• Stake Land 2 (2016) - I caught this new sequel for the first time by chance since I had no idea they had made a sequel. It went straight to SyFy without any real promotion. It was decent but did not make the same sort of impression the first one did. Still, it was nice to see the same actors from the first one reprising their roles. In spite of the jump in time (i.e., this one starts several years after the first one ended), they captured much of what made the first one so good. I suspect that the main reason I liked this one less was that much of the suspense was lost. I'm sure I'll watch it again, but I don't think I'd buy it.
  • Hellbound: Hellraiser II (1988) - It had been way too long since I'd seen this one, and I have to confess that it did not live up to what I remembered so fondly. As much as I liked Hellraiser, enjoying it again earlier this month, Hellraiser II was a clear case of my memories of seeing the film in the theater when it first came out being overly positive. The special effects were never great to begin with, but they seemed really dated now. I had remembered it as being scarier and far more disturbing than the first one. It did not seem that way this time. I was surprised to discover that I'm in no hurry to see this one again. 
  • Jaws 2 (1978) - Keeping the sequel theme going for a bit longer, this is another one I hadn't seen in years. I love the original Jaws. It scared the hell out of me when I saw it for the first time. As stupid as this sounds, I couldn't go a lake, river, or even a swimming pool for some time without thinking about it. Jaws 2 is a solid sequel in so many ways, but it never affected me on the same level as the first one. It is good, while the first one was great. Still, it is another one I'm sure I'll see again and add to my collection eventually.
  • Tremors 3: Back to Perfection (2001) - This hilariously bad straight-to-video sequel is indeed a guilty pleasure in the so-bad-its-good category. It is not remotely scary and does not seem to have been made to be intentionally funny, but I can't help liking it. Casting Michael Gross (the father from Family Ties) as the lead in a horror franchise was a work of pure genius. I suppose this would be a fair description of the entire Tremors series of films. I have seen them all, and I have to say that this is the worst of the bunch. And yet, I have no doubt that I'll pick up the Tremors: Attack Pack sooner than later.
  • Re-Animator (1985) -  This cult classic from the evil scientists sub-genre has never been one of my favorites, as I nearly always prefer a good story and creepy suspense to the over-the-top gore of a special effects extravaganza. That does not mean I cannot appreciate why this one gets so much love from fans though. Scientist re-animates corpses, and predictable carnage ensues. It had been a while since I'd seen it, and I was impressed that many of the effects still hold up reasonably well. I doubt I'll buy this one, but I'm sure I'll see it again.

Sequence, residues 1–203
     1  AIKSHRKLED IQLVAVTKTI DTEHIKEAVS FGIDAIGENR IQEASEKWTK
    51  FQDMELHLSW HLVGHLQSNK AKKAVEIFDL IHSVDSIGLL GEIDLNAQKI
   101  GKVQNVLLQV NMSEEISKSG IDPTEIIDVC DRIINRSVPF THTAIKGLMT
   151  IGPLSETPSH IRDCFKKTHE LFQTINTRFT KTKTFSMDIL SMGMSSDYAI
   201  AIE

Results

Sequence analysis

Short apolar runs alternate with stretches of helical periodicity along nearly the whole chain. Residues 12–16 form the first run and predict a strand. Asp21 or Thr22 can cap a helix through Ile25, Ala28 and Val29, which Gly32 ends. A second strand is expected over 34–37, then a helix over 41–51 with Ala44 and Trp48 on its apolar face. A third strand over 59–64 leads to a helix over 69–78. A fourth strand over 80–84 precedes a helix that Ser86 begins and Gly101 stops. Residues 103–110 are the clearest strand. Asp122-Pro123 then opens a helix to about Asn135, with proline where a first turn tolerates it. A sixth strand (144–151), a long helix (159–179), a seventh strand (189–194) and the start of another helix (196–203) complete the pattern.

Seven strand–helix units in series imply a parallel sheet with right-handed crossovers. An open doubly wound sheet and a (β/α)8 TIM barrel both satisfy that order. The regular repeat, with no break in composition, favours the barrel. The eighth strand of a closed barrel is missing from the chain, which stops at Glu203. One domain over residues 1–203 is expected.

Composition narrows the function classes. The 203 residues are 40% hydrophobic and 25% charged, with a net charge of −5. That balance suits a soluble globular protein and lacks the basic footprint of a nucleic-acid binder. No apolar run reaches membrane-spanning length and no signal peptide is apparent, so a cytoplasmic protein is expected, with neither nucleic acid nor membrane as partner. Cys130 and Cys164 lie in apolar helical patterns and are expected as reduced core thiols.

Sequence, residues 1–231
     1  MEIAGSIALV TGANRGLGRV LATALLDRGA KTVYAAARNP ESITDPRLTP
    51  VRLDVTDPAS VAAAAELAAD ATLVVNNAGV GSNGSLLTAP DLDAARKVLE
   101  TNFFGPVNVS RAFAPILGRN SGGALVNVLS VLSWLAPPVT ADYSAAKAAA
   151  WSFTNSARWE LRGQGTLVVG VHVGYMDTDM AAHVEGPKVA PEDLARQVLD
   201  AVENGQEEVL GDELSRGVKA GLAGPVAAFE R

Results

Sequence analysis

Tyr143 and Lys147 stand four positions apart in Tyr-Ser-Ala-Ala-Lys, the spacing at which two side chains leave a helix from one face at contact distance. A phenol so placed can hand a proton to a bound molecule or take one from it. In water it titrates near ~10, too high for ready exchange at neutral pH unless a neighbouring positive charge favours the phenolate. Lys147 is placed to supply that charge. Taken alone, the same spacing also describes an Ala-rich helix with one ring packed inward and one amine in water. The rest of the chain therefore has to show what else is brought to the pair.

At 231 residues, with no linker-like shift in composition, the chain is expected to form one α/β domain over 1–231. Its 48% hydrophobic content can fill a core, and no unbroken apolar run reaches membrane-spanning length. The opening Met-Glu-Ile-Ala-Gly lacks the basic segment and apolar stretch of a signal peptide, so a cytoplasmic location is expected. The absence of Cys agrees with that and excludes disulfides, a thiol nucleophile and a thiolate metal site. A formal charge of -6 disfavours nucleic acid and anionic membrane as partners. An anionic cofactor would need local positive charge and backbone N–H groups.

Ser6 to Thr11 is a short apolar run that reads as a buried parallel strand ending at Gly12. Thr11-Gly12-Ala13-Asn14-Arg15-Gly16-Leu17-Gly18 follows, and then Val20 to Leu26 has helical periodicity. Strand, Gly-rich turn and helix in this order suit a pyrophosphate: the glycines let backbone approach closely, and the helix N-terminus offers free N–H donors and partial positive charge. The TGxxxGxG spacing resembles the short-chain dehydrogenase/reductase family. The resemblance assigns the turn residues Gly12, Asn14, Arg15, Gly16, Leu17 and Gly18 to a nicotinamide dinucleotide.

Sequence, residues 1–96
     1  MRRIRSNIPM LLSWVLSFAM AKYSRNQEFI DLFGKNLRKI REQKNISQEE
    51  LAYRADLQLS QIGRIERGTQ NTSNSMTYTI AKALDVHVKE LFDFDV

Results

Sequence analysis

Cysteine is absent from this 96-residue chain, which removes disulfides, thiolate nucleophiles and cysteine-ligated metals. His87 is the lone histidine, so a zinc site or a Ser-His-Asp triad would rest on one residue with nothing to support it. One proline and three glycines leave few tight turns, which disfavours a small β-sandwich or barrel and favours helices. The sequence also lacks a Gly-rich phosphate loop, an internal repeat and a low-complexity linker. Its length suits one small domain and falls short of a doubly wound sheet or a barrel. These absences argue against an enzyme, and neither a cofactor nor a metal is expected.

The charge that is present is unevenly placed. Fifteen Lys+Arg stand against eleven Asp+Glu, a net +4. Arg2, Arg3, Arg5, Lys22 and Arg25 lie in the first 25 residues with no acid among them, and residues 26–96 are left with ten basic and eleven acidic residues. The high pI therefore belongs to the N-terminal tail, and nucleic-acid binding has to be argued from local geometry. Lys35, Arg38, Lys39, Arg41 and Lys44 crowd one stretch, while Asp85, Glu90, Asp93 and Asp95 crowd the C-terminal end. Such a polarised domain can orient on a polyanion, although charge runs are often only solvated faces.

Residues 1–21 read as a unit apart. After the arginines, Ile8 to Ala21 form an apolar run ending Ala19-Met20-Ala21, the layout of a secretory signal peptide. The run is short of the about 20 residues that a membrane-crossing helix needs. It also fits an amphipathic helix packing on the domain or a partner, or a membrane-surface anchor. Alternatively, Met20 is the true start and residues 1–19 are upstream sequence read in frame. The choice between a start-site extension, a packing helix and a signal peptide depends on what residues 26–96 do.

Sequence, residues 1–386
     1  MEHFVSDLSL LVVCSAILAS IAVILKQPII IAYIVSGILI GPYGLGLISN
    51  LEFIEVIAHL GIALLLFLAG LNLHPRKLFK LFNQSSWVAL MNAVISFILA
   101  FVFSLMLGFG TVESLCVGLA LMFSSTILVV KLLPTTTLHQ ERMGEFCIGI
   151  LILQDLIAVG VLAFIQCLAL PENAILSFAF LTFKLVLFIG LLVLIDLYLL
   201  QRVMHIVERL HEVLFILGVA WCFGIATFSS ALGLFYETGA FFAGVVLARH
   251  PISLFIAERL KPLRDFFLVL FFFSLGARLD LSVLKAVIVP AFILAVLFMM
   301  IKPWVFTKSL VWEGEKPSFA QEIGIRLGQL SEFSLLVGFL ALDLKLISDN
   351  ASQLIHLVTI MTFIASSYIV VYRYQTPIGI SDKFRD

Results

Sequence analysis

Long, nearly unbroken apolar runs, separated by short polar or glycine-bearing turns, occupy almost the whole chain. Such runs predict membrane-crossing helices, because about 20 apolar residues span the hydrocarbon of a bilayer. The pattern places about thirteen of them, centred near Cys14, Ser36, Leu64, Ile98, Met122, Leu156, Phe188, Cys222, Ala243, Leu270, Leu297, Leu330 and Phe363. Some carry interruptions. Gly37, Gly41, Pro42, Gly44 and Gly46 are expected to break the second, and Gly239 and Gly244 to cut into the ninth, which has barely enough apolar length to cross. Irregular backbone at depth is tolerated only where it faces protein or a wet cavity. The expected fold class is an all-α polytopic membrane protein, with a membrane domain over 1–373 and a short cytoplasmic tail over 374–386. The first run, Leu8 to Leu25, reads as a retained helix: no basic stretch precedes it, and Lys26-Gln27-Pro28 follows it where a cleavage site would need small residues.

• Quarantine (2008) - I first saw this one the year it was released. Aside from the fact that the found-footage gimmick was already wearing thin, I thought it was decent but not great. I figured I would give it another try this year, and I was disappointed to discover that I did not care for it. Because so much of what makes good horror work is the suspense involved, there is always a danger that some films are not going to work on repeat viewing. I usually don't have much of a problem with this because it seems like I often discover other things to appreciate about a movie even once I know what is going to happen. That was not the case here. In fact, I think that the lack of suspense made the shaky camera nonsense even less tolerable. I won't bother watching this one again.
  • Devil's Rejects (2005) - This is a film I did not care for when I saw it the first time; however, it has grown on me to the point where I really like it now. This was probably the fourth time I've seen it, and it is fair to say that I liked it even more this time around. Since I seem to be one of the few people who enjoyed House of 1000 Corpses, I think the problem was that I expected this one to be far more similar to that one. When it wasn't, I think I was disappointed. After multiple viewings, I've come to appreciate that it is not only different but far superior. I have not seen all of Rob Zombie's films yet, but this one makes me want to. I plan to buy this one soon.

And with that, it is time to say farewell to October. I may have plenty of bibles leftover from JesusWeen, but I also have a DVR full of horror flicks I have not yet had time to watch. That will be more than enough to get me through November and December. And in case you are curious about what I watched in October of 2017, you can find that here.